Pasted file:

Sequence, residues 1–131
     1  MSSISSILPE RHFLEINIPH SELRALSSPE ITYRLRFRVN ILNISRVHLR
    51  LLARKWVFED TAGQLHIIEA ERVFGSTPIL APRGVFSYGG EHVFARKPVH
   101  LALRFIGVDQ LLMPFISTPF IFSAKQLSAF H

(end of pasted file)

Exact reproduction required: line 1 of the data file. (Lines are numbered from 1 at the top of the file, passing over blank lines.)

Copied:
Sequence, residues 1–131